The Turnage Theater in Images: a Retrospect in Melody - Chapter III | Beaufort County Now | Additionally, all photos for this article have never been published prior to this post.

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The Turnage Theater in Images: a Retrospect in Melody - Chapter III

  Publisher's note: Chapter III is the continuation of a series that began with The Turnage Theater in Images: a Retrospect in Melody - Chapter I, with the last installment in the series, The Turnage Theater in Images: a Retrospect in Melody - Chapter II.

   These chapters of the Turnage Theater, in retrospect, in these rare images offered below, are in chronological order, and if you do not see a show that your were particularly fond of; please, be aware of this one policy of mine - I did not publish images of every performer, only the ones I rather enjoyed. My mother made a deep impression on me: "If you can't say anything nice, don't say anything at all." Additionally, all photos for this article have never been published prior to this post.


   Both music acts, listed below in images, played the Turnage Theater on the same night, April 9, 2010. When my wife bought the tickets for the show, I had no idea what she was getting us into, in fact all of us, because she purchased six tickets - one for each member of my immediate family. I had never heard of Holy Ghost Tent Revival, and certainly, I had never heard of Lipbone Redding and the Lipbone Orchestra.

   When the two-shows-for-the-price-of-one was over, we had all had a good time, and I was the better for it, especially the Lipbone show. Up to this show, and for whatever reason, the Turnage Theater folks had not booked many Soul acts, none that I was aware of anyway; however, Lipbone and his remaining trio may have well provided some insight into how a tight rhythm and blues band can supply the welcomed Soul sound.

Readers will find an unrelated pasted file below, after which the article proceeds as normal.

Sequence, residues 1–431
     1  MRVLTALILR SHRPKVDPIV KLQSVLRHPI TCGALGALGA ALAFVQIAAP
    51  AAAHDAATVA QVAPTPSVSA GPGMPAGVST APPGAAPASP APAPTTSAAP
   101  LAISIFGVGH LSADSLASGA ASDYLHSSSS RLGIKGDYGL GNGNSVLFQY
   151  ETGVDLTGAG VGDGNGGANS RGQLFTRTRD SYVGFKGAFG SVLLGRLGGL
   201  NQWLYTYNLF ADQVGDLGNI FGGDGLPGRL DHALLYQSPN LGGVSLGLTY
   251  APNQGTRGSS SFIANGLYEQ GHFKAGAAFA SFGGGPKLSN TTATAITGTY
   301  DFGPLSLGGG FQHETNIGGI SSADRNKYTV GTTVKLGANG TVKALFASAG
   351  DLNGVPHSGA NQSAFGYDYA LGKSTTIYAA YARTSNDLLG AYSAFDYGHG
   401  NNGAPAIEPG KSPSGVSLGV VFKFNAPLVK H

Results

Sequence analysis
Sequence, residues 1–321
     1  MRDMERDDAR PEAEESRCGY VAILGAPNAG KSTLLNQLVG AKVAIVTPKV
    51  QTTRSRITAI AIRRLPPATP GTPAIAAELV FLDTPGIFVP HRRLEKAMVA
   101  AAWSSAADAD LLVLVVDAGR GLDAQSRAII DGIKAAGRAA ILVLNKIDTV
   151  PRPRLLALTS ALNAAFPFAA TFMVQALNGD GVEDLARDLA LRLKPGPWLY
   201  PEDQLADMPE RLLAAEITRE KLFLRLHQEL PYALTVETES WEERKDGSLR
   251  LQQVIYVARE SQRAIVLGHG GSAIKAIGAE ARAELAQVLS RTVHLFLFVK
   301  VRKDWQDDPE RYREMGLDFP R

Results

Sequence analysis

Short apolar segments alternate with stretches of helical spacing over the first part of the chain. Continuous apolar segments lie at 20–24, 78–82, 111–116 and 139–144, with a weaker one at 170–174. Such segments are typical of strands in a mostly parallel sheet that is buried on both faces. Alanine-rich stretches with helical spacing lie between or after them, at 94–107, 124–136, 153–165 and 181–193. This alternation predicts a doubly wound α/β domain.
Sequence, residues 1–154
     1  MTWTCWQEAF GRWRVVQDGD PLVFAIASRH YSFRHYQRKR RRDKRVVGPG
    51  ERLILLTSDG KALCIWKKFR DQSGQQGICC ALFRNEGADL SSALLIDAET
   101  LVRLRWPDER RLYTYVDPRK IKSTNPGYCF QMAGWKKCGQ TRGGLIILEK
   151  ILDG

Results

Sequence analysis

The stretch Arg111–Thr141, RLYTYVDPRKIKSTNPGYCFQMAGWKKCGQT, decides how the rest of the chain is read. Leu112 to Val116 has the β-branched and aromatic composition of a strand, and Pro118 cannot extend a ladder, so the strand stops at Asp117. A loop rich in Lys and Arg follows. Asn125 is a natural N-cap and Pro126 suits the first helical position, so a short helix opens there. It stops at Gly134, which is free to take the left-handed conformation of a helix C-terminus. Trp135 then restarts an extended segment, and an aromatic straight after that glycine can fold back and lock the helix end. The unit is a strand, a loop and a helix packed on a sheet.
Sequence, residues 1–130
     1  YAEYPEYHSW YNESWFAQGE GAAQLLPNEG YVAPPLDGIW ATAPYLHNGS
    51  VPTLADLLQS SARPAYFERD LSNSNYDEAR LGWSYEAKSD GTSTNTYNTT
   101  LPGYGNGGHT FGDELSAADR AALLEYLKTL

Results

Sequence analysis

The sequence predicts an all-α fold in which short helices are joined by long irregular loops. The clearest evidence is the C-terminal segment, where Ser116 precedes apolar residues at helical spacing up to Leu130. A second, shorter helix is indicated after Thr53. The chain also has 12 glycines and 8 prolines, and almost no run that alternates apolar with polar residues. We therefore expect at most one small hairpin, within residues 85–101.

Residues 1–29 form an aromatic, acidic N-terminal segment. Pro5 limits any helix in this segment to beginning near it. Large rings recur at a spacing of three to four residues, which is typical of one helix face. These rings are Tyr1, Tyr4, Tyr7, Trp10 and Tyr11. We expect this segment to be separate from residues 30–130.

Lipbone of the Libone Orchestra fame playing his guitar, his strange lip-trombone, and singing his white boy version of Rhythm and blues, bordering Soul music: Above and below.     photos by Stan Deatherage

   Some time later after Lipbone's rather uplifting show, discovered that Lipbone himself - the man who possessed the distinctive ability to play the lip-trombone - was actually a local, by way of New York City. Even Stan Deatherage (Beaufort County Commissioner) said that Lipbone's father was one of his constituents. Small world, huh.

   Fortunately, since there were local ties, I would have the eventual opportunity to see Lipbone and his Orchestra once again at the Turnage Theater.
Formerly known to some locals as "Citizen One," Lipbone is in the house: Above.     photos by Stan Deatherage

   The second show that night was Holy Ghost Tent Revival, and they were the personification of eclectic. They played of rare blend of high energy, stop and go, rag-time, rock'n'roll that bought many of the audience members our of their chairs, and sent some of the grayer headed folks home early.

   Fortunately, I have a rather wide berth in my acceptance of what passes a decent music, so I did enjoy the show. It was like nothing that I had ever experienced before, so I was pleasantly surprised.
Holy Ghost Tent Revival, from left to right, pictured here: Hank Widmer - trombone and euphonium, Matt Martin - guitar and banjo, Stephen Murray - banjo and guitar, Ross Montsinger - drums, Patrick Leslie - bass: Above. Patrick Leslie ripping one out: Below.     photos by Stan Deatherage

The one thing that an audience member was made supremely aware of is that every band member sang, and every band member danced and jumped a bit: Above. I just had to use this picture where Hank Widmer on trombone was quite clear and in focus, while Stephen Murray and Matt Martin abruptly launched into a dual jumping rampage. A camera, set on a slow shutter speed in a semi-dark theater, can only accomplish so much: Below.     photos by Stan Deatherage


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